I just came across another book review that I have written earlier — in 2011, in fact, when I was doing an internship at USAK, in Ankara. It is a quite elaborate review, making it a bit longer than usual. Countries are more complex than they seem.
Demystifying Syria (SOAS Middle East Issues Series)
Fred H. Lawson (Editor)
Paperback: 240 pages
Publisher: Saqi Books (February 1, 2010)
This book, published in 2009, is a project by the London Middle East Institute of the renowned School of Oriental and African Studies. It is a collection of academic essays aimed at unraveling the mysteries that surround Syria’s internal and external structure. In the introduction, the editor, Fred H. Lawson, advertises the book as a tool to “gain a clearer understanding of the political, economic, social and diplomatic dynamics that shape one of the few countries that continues to resist the ‘end of history.’” And he is right. This is a selection of very informative studies, going in-
depth into the different components of the Syrian state.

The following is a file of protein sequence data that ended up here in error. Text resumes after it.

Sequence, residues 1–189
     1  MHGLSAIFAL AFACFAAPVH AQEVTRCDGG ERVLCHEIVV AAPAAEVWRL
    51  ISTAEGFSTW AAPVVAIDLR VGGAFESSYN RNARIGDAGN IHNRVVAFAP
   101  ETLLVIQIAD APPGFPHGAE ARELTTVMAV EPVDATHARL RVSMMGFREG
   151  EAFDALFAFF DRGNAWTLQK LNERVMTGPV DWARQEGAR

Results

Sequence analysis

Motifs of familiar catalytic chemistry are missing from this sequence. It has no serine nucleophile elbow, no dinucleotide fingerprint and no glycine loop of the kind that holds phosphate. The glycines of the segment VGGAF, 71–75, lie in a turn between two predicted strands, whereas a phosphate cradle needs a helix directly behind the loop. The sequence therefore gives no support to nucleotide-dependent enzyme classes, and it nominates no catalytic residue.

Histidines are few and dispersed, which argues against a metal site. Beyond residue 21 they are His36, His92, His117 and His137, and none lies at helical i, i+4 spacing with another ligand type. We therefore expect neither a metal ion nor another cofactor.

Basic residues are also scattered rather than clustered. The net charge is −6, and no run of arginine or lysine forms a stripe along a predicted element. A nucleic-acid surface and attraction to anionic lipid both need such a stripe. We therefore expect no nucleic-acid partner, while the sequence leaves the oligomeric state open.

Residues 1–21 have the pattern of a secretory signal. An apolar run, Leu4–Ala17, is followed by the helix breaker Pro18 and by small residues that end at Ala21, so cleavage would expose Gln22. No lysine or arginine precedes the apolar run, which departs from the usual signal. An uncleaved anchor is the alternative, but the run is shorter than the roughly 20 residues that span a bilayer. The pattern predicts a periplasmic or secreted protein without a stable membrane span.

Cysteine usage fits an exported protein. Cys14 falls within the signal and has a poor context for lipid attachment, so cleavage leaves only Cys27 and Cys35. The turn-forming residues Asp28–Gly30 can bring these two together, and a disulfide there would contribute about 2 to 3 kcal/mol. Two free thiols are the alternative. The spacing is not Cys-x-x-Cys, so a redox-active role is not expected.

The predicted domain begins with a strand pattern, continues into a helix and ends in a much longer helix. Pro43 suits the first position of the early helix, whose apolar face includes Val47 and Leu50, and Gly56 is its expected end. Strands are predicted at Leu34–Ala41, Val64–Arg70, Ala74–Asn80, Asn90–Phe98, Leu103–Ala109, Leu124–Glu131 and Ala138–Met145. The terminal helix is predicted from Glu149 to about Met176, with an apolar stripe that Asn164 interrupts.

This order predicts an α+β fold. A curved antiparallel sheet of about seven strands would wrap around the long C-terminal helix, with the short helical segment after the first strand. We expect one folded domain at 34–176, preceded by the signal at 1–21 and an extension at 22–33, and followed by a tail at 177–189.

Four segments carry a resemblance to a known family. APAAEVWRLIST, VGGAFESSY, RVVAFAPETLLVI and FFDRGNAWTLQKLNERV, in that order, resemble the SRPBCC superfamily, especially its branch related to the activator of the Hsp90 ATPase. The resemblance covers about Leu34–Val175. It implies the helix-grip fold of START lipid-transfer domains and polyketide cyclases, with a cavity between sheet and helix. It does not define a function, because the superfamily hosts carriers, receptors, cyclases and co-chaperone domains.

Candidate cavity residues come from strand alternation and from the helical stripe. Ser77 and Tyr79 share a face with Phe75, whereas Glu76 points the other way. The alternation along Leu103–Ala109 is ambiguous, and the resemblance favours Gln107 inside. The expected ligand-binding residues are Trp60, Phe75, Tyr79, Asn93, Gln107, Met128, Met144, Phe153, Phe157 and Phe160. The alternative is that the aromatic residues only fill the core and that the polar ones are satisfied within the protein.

The authors in this ten-chapter book are all academics from Europe, North America, and the Middle East, some of whom have done field research in, or are frequent travelers to, Syria. This offers insights into Syrian society which one will not find in many other books.
Many books on Syria do not deal with its legal structure, societal and religious complexities, and development of the opposition. Another merit of the work is that one need not read it in its entirety to be able to understand the context of any of its chapters. However, that does not mean that it does not broaden one’s ability to better put everything into perspective when surveying the whole book.